Several presidents have had aircraft carriers named for them, but former Navy. Lt. George H.W. Bush is the only commander-in-chief who flew and fought off one.
Aboard the carrier George H.W. Bush, the message was posted Saturday that echoed that of Chief of Naval Operations Adm. John Richardson in tribute: "Fair winds and following seas, Sir. We have the Watch."
"Bravo Zulu," the naval signal for "well done," said B.J. Lawrence, national commander of the Veterans of Foreign Wars, in honor of Bush, a life member of the VFW's Department of Texas.
In a statement, Defense Secretary Jim Mattis said of Bush that he "took his experience in war to build a better world as our commander-in-chief."
"We will miss him, but at the going down of the day, his example will long guide our sailors, soldiers, airmen and Marines for how to live life without regret," Mattis said.
At the commissioning Saturday in Boston of the Navy's newest Arleigh Burke-class guided missile destroyer, the Thomas Hudner, Adm. William Moran, the vice Chief of Naval Operations, noted the similarities between Bush and the late Capt. Hudner, a Medal of Honor recipient from the Korean War.
Both were sons of New England and naval aviators who dedicated their lives to public service, Moran said.
"They left the promises of their fathers, a New England home, college, loved ones, bright careers, to eagerly defend the promise of America," Moran said.
He quoted Bush at the end of the Cold War: "As I look to the future, I feel strongly about the role of the United States and the role it should play in the new world before us. We have a disproportionate responsibility to use our power in pursuit of the common good. We also have an obligation to lead."
Moran added: "And that is what this ship, her crew and the spirit of Thomas Hudner are all about."
Those serving aboard the carrier Bush are called "Avengers," for the Grumman TBM Avenger torpedo bombers Bush piloted on 58 combat missions in World War II, and the ship's call sign is "Avenger."
Joined Navy At Age 18, Right Out Of Prep School
Six months after the Pearl Harbor attacks, Bush enlisted in the Navy, fresh out of Philips Academy. It was his 18th birthday.
He trained for carrier operations aboard the USS Sable, and after 10 months received his wings and was commissioned as an Ensign in the U.S. Naval Reserve at Naval Air Station Corpus Christi in Texas on June 9, 1943, three days before his 19th birthday.
At the time, he was the youngest pilot in the Navy. His fellow pilots nicknamed him "Skin," for his lanky frame.
Bush was assigned to Torpedo Squadron 51 (VT-51) aboard the carrier San Jacinto. In August 1944, he was promoted to Lieutenant junior grade (j.g.) and on Sept. 2, 1944, his Avenger and three others took off on a mission to bomb Japanese installations in the island of Chichi Jima.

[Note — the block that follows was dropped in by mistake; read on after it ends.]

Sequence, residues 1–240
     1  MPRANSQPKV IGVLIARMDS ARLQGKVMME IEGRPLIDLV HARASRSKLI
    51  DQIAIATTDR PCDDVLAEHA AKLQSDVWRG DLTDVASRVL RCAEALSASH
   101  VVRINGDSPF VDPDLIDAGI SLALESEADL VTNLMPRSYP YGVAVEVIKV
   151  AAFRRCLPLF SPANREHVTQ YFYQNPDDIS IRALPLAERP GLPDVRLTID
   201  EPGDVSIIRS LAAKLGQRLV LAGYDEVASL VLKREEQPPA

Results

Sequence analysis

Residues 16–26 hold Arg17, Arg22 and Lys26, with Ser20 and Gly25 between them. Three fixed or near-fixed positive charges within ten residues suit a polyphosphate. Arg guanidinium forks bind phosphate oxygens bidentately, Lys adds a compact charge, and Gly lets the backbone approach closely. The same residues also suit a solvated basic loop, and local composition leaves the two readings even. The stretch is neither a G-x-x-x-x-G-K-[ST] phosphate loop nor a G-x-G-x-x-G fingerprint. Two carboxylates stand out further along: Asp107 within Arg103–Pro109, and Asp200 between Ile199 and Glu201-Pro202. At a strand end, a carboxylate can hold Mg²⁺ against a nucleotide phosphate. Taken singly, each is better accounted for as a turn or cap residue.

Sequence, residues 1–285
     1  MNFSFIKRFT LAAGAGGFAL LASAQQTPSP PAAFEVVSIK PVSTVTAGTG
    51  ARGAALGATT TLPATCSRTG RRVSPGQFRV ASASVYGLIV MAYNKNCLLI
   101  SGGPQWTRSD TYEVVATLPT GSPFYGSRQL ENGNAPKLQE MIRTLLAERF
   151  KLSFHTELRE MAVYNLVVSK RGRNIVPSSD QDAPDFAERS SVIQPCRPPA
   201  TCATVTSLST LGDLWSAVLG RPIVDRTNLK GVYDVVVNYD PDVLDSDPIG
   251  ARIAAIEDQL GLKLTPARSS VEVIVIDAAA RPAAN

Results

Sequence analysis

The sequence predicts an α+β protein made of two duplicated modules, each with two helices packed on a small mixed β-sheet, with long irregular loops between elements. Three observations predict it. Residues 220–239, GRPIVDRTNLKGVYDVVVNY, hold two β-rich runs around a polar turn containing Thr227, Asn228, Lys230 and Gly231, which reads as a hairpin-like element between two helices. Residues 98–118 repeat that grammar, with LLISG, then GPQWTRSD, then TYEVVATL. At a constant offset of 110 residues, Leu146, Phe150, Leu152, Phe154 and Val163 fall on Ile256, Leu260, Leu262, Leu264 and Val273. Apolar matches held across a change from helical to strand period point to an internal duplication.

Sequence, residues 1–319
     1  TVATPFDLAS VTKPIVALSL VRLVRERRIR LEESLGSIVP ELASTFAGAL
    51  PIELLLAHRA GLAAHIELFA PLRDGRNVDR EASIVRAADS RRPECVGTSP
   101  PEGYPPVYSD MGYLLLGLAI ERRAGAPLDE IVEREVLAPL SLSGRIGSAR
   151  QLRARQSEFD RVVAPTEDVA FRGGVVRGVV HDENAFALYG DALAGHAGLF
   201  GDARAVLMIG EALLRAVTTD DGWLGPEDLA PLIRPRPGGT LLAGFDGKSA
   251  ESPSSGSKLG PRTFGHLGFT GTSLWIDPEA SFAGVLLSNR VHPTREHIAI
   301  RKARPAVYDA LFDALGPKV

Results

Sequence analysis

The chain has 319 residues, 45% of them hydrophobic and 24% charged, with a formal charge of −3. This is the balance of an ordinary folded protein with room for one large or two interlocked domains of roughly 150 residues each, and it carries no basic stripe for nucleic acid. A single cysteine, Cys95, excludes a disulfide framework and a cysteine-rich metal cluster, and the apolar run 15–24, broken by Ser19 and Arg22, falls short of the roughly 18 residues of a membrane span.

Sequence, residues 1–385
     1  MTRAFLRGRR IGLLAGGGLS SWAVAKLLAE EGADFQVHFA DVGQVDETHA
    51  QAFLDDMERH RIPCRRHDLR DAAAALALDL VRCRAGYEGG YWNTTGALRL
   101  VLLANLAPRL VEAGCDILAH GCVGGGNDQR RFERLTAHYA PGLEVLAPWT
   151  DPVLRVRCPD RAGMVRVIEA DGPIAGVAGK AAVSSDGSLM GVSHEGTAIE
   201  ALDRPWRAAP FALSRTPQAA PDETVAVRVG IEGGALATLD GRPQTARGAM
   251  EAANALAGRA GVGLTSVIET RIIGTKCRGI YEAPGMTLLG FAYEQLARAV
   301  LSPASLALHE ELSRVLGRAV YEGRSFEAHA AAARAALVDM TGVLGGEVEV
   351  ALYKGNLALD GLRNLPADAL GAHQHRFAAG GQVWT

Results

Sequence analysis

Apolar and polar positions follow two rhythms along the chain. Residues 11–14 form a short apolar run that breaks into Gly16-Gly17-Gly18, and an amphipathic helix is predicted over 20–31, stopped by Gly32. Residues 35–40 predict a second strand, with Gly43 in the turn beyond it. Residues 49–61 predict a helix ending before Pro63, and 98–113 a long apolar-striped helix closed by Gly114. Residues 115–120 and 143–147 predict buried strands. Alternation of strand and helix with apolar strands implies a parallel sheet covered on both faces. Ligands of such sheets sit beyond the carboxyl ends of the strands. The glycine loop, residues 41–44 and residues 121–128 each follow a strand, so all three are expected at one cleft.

Aboard with Bush were Radioman Second Class John Delaney and Lt. (jg) William White. They would not survive the mission
Over the island, Bush's plane took heavy fire, but he managed to bomb the targets and, with his engine on fire, fly out about seven miles to sea, where he bailed out. He was in the water for about four hours before he was picked up by the submarine Finback.
He returned to the San Jacinto and saw more action in the Philippines before being honorably discharged in September, 1945. He was awarded the Distinguished Flying Cross (DFC), three Air Medals, and the Presidential Unit Citation given to the San Jacinto. Bush resigned from the Naval Reserve in 1955 as a lieutenant.
His DFC citation noted his "heroism and extraordinary achievement in aerial flight as Pilot of a Torpedo Plane in Torpedo Squadron FIFTY ONE, attached to the U.S.S. San Jacinto, in action against enemy Japanese forces in the vicinity of the Bonin Islands, on September 2, 1944."
"Leading one section of a four-plane division in a strike against a radio station, Lieutenant, Junior Grade, Bush pressed home an attack in the face of intense antiaircraft fire," the citation said.
"Although his plane was hit and set afire at the beginning of his dive, he continued his plunge toward the target and succeeded in scoring damaging bomb hits before bailing out of the craft. His courage and devotion to duty were in keeping with the highest traditions of the United States Naval Reserve," the citation said.
In a 2007 interview with the U.S. Naval Institute, Bush recalled the attack on Chichi Jima: "The flak was very heavy. You could just see it and hear it almost around you."
"It was when I saw the flame along the wing there that I said, 'I better get out of here,' " he said. "I told the crewmen to get out. I dove out onto the wing. I hit my head on the tail, a glancing blow, and [I was] bleeding like a stuck pig."
"I dropped into the ocean, and I swam over and got into this life raft," Bush said. "I was sick to my stomach. I was scared. If somebody didn't pick me up, I would have been captured and killed. They were very brutal on Chichi Jima."
"People talk about, 'Wow, you're a hero.' Well, there's nothing heroic about getting shot down," he said. "And I wondered -- why was I spared when two friends in the plane with me were killed? I don't know the answer."
Bush was the last president to serve in World War II, and his experience would color his decisions through the rest of his life in public service, which he summed up as an effort to demonstrate that "Freedom works."
In his inaugural address as president, Bush said "We know what works. Freedom works. We know what's right. Freedom is right."
The carrier Bush has adapted his words for the motto on the ship's seal: "Freedom At Work."
-- Richard Sisk can be reached at Richard.Sisk@Military.com